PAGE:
Ian Lesser, advisor of former president Bill Clinton, to El Khabar
El Khabar, 29 may 2008
Ian Lesser, advisor of former U.S. President Bill Clinton, for the Mediterranean affairs, said that Algeria occupies a central place in the region, and it is necessary to exploit the opportunities to develop relations between the two countries. In an interview with El Khabar, he denied the existence of any competitiveness or a conflict between Europe and the USA on the Mediterranean region.
El Khabar: What is the Mediterranean region for you and for U.S. policy in general?
Ian Lesser: USA maintains traditional close relations with the Mediterranean states, whether in trade, energy or diplomatic presence, and more cultural relations. Our relations are rich and date back to 200 years, but we did not, however, have a specific strategy in the Mediterranean region, and we wonder what will be our strategy in the future and what areas it will be based on.
El Khabar: Can we say that since September 11, Americans started to be aware of the importance of playing a role in the region of the Mediterranean region?
Ian Lesser: I think the events of September 11 have changed the policy of USA and its strategy in several forms and aspects. We had to concentrate on certain issues, and of course the terrorist threat is now at the heart of our concerns, and there is a growing interest in North Africa.
El Khabar: What about Algeria, it is an important country for policy USA?
Ian Lesser: of course, Algeria is an important country in U.S. policy in the region, and we can say that we have wasted much time to realize it, because of the cold war or the black decade and the wave of violence experienced by Algeria. I think that today the situation has changed greatly. I have already visited Algeria twice before this visit, the first time in 1992 and the second in 1998, and I have seen a change. I think Algeria has an important role to play in the international arena. There are many opportunities and capabilities to develop in the Algerian-American relations, because Algeria occupies a central place in the region given its geographical position and its human capacities, in addition to its historic heritage and its energy resources.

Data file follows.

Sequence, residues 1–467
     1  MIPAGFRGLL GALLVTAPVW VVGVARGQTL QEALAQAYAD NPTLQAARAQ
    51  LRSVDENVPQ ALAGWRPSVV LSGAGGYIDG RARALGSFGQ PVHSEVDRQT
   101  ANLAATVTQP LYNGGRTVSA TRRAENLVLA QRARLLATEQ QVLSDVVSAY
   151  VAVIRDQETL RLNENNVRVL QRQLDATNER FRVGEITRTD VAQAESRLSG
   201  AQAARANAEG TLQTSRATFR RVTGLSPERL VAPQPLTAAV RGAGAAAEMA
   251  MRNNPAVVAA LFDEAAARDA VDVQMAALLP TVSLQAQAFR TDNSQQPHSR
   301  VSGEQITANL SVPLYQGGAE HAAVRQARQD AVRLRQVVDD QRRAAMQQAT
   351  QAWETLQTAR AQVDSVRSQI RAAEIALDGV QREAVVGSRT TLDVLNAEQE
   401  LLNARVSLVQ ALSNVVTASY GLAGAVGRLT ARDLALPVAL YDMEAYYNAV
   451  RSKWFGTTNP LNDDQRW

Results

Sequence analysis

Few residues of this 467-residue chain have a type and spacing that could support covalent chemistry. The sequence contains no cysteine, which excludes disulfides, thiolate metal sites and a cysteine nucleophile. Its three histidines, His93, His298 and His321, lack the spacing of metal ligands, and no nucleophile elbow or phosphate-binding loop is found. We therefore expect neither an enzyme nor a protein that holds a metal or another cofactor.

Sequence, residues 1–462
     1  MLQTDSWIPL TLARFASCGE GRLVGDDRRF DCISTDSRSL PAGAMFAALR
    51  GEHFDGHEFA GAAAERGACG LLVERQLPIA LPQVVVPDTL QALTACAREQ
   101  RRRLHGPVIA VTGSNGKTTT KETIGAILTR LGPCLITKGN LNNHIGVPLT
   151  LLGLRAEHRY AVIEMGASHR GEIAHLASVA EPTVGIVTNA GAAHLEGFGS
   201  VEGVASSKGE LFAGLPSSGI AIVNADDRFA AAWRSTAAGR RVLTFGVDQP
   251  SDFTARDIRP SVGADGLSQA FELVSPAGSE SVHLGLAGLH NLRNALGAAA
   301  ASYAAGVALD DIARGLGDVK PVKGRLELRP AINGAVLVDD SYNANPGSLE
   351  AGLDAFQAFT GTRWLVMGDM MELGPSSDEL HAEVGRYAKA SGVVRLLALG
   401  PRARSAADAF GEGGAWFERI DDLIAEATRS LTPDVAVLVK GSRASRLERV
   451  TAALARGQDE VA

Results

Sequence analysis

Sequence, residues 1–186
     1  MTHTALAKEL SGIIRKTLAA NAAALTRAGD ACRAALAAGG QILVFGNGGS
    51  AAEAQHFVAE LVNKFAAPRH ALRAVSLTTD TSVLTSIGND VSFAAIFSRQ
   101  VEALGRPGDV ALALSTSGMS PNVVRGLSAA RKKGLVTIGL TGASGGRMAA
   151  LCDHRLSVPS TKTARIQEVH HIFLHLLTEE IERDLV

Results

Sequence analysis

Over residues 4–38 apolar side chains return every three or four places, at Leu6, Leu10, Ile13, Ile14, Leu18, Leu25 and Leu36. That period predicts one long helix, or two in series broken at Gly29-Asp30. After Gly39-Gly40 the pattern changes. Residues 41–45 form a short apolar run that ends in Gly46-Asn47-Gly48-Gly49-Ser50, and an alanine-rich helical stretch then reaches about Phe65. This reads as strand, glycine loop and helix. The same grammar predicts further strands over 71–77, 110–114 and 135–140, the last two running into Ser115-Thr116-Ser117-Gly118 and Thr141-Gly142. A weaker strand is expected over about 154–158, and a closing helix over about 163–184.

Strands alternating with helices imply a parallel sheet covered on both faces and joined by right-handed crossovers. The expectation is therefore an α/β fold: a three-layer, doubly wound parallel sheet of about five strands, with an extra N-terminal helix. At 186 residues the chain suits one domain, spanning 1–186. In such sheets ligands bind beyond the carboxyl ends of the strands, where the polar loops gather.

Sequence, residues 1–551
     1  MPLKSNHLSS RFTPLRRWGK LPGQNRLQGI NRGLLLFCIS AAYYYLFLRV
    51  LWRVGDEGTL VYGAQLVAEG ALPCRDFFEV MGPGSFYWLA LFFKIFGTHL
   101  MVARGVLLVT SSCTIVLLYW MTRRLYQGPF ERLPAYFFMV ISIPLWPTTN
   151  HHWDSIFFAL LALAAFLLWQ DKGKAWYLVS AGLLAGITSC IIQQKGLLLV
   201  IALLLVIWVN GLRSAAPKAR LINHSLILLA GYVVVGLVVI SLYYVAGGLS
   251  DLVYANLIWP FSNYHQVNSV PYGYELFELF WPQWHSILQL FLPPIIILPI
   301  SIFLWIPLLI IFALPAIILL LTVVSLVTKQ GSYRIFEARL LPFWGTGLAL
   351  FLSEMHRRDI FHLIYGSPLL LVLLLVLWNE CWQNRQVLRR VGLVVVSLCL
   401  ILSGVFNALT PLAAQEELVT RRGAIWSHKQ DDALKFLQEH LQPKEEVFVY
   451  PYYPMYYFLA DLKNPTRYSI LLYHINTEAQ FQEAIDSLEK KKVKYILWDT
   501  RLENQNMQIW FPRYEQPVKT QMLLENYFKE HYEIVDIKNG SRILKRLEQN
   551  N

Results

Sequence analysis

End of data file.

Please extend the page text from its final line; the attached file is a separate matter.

El Khabar: Do you share the view that the project purpose of the union for the Mediterranean is to block the USA, which begins to pay more attention to the Mediterranean region?
Ian Lesser: I do not think that such vision exists in the USA, and this is not my point of view. There is no competition or conflict between the USA and Europe. We share the same concerns: whether energy, environment or immigration.
El Khabar: What do you think of Africom project that America failed to pass, especially since many African states including Algeria have refused or expressed reservations about the project?
Ian Lesser: Our main military structures are in Europe and the Middle East. As I said, we do not have a specific policy for the Mediterranean region, which is why I exclude the fact that it has a military presence in Africa and especially in northern Africa, as it is difficult for the public opinion of these States to accept such a measure.
El Khabar: Do you think that U.S. policies are responsible for some hotbeds of tension such as Palestine and Iraq, giving terrorist groups a pretext to perpetrate crimes on behalf of the fight against the enemy American?
Ian Lesser: You can say that part of terrorism in the world is motivated by goals, motives and political conflicts, and I think the USA realizes that this part of terrorism comes from the fact that its policies are not accepted.